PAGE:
SGA works to improve attendance

April 19, 2012


Staff Reporter


The April 10 meeting of the Student Government Association started 12 minutes late.


At 6 p.m., president Clint Carlisle instructed members to pull out their cellphones and start calling absent people.


“We are not starting until we meet quorum,” he said.


Quorum is the minimum number of senators attending a meeting in order for voting to be allowed.


In the SGA’s case, that number is 20, and bills can only be voted on when 20 senators are present.


For the first time in weeks, at 6:12 p.m., the SGA met quorum.


Shane Rich, vice president, pounded the gavel and began the meeting.


After announcing a new possible date for their banquet and going into detail about what The Big Event would entail, they got to old business.


Under old business were four things that had been waiting for weeks to be considered by SGA senators.


The first was the spring budget for SGA, which passed without any objections.


The second and third were matching fund requests for the Society of Women Engineers and Engineers Without Borders, respectively. Those were grouped together and passed unanimously.


The last was Bill 11-12.3, which was not going to be voted on without discussion.


The bill, written by cabinet member Blake Spears, proposed to spend $1,800 out of the Senate Project Fund to purchase iClickers for the SGA so voting would be faster and more accurate at meetings.


“Passing out 30 slips of paper for every vote can get confusing and disorderly,” Carlisle said. “Also, vote counts are available immediately instead of wasting time tabulating slips of paper in the middle of a meeting.”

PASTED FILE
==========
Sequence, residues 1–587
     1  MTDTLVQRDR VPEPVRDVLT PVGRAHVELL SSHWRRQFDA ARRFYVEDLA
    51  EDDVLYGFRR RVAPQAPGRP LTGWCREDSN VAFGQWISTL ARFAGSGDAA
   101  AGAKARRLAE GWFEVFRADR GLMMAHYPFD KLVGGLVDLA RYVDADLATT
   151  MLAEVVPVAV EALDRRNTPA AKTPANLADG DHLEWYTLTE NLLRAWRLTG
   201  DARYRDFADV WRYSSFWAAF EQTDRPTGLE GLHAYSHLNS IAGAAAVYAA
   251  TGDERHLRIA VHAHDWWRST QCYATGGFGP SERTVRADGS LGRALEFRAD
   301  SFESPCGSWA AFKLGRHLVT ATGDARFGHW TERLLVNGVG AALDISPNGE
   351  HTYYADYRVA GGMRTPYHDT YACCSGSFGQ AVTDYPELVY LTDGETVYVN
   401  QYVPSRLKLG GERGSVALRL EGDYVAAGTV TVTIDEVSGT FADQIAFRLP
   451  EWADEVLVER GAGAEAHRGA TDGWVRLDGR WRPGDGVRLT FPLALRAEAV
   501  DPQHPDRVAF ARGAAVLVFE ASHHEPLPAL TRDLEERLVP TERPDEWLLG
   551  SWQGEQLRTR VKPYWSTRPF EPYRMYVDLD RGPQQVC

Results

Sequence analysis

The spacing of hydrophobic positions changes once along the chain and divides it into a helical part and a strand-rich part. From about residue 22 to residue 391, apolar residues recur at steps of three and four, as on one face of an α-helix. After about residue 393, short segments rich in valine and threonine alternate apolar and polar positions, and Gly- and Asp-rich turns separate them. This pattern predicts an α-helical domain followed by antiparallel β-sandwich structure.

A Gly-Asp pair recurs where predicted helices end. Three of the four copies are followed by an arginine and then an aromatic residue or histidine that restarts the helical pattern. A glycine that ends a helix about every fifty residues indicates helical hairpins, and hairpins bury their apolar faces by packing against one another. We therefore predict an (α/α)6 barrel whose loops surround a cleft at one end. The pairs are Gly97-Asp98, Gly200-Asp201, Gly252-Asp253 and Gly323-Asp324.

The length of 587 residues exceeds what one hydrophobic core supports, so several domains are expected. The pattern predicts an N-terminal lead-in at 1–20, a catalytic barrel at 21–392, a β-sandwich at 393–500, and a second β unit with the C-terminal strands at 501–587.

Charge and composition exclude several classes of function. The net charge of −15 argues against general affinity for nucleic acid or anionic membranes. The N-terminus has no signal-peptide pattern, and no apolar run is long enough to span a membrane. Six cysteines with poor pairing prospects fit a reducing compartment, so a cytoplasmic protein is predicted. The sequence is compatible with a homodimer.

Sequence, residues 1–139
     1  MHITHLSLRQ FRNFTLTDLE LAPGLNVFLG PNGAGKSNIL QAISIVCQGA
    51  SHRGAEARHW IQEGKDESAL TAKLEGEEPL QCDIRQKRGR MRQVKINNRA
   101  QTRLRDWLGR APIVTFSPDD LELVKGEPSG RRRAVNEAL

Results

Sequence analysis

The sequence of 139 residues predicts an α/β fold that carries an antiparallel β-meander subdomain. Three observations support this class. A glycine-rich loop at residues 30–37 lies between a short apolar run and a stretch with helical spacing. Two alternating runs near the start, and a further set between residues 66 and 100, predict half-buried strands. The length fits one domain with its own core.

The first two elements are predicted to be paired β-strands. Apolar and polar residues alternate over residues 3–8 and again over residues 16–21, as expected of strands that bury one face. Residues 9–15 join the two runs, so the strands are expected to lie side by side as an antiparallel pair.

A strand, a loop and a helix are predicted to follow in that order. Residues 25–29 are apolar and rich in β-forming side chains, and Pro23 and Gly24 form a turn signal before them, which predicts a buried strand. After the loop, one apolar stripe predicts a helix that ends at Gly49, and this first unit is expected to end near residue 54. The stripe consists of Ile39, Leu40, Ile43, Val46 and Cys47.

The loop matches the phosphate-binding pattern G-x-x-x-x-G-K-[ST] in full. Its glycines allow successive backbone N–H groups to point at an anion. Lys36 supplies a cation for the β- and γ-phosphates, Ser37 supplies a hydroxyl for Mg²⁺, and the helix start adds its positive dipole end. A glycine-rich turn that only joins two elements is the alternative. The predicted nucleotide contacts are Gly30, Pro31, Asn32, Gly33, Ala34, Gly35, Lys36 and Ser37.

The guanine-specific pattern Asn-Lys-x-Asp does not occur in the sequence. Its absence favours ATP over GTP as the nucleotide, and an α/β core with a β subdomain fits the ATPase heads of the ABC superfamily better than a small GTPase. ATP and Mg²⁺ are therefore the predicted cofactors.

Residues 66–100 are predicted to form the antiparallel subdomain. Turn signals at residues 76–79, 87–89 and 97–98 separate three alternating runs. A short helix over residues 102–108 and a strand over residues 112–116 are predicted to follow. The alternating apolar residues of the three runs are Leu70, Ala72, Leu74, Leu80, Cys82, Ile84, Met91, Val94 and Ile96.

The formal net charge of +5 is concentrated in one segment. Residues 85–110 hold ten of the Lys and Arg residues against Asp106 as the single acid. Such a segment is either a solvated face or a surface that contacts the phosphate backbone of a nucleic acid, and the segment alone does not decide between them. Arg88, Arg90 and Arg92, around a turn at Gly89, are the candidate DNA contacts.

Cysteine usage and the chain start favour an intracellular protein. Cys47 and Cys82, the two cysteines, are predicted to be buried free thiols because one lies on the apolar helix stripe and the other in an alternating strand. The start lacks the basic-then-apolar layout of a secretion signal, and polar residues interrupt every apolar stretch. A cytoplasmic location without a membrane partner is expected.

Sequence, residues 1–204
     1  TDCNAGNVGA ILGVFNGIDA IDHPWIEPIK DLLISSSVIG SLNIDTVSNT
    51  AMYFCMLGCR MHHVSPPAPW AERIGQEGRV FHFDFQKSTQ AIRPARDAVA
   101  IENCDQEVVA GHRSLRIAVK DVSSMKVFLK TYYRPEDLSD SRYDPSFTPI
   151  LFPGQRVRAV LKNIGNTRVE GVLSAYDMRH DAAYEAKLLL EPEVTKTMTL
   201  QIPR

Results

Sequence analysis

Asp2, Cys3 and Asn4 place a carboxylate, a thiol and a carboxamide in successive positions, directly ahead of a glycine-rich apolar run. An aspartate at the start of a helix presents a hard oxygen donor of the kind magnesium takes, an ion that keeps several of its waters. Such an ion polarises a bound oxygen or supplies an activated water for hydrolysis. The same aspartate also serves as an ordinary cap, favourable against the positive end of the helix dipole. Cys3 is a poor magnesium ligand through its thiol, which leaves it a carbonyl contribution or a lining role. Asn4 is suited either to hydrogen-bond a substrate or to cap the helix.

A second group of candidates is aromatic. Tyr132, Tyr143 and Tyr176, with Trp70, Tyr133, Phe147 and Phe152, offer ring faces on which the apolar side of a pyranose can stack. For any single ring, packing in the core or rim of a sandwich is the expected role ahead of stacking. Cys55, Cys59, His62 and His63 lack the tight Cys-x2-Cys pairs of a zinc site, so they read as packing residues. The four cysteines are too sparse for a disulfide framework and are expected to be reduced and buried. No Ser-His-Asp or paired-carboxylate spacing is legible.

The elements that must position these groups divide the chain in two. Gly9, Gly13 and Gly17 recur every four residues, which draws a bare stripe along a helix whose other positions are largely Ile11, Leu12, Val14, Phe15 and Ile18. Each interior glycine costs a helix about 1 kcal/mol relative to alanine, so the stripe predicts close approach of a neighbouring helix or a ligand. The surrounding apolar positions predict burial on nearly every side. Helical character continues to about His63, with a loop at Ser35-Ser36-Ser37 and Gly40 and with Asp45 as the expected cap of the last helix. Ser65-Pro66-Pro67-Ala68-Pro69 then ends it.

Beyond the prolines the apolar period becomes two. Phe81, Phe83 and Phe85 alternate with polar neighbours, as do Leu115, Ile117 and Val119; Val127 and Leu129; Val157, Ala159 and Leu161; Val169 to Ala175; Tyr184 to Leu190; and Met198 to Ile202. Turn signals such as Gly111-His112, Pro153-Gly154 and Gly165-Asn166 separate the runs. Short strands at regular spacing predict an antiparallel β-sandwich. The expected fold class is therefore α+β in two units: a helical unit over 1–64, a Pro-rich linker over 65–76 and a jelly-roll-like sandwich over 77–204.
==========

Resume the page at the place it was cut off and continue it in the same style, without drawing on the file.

Spears, when asked to make a comment about the bill he wrote, declined an interview.


Allison East, senator and incoming vice president, raised her hand when Rich placed the bill up for discussion.


“This is spending $1,800 of the student’s money for SGA, basically so we don’t have to raise our hands,” East said. “We can’t raise our hands and say what we believe in? We are better than that. You can count 33 hands.”


Another member spoke up about how all the other bills passed this year have been for the SGA, and not the students.


Other members like the secrecy of the clicker system.


When a student from the first row spoke up about impeachments and how word gets out about what you vote for with hand raising, College of Liberal Arts Senator Austin Vining spoke up.


“We can always use secret ballot for impeachments,” he said.


Carlisle stood up and addressed the concern, deciding that impeachments will be made through secret ballot.


East’s words still rang through George T. Madison Hall, Room 105. She spoke up about the possibility of media attention directed toward SGA


“Do you really want The Tech Talk to have to report that we passed a bill like this?” East said. “Or Tech TV? What does that say about us as an organization?”


Finally, Bill 11-12.3 was up for a vote.


Hands raised and hands fell as the executives in the front of the room counted them with quiet earnest, perhaps for the last time.


“Bill 11-12.3 was not approved,” Rich declared to the room.


A sigh flowed through the room as the question of spending $1,800 of the student’s money on the iClickers for SGA voting slowly disappeared.


“The purpose of bills is to improve the student body,” Carlisle said. “I do not believe this particular bill fit the scope of that mission.”


Email comments to hms017@latech.edu.


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